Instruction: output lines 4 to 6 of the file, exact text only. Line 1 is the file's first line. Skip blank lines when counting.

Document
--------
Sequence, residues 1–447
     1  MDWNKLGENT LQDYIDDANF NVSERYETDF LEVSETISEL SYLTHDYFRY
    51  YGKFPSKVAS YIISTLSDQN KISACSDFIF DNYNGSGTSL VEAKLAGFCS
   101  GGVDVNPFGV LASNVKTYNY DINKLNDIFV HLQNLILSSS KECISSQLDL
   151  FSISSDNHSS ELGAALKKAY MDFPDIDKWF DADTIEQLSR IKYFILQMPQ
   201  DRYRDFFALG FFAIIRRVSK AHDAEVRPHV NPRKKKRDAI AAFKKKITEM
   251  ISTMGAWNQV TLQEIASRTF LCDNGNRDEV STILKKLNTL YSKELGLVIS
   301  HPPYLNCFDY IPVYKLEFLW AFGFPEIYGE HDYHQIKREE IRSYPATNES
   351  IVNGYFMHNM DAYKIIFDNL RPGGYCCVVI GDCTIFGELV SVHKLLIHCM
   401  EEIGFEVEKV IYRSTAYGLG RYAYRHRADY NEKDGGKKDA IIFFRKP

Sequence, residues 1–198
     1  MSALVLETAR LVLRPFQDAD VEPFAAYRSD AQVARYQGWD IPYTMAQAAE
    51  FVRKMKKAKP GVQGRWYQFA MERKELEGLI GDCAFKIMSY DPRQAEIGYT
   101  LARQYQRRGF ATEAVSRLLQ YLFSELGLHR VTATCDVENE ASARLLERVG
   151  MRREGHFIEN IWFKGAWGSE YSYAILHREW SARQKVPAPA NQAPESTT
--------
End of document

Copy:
   101  GGVDVNPFGV LASNVKTYNY DINKLNDIFV HLQNLILSSS KECISSQLDL
   151  FSISSDNHSS ELGAALKKAY MDFPDIDKWF DADTIEQLSR IKYFILQMPQ
   201  DRYRDFFALG FFAIIRRVSK AHDAEVRPHV NPRKKKRDAI AAFKKKITEM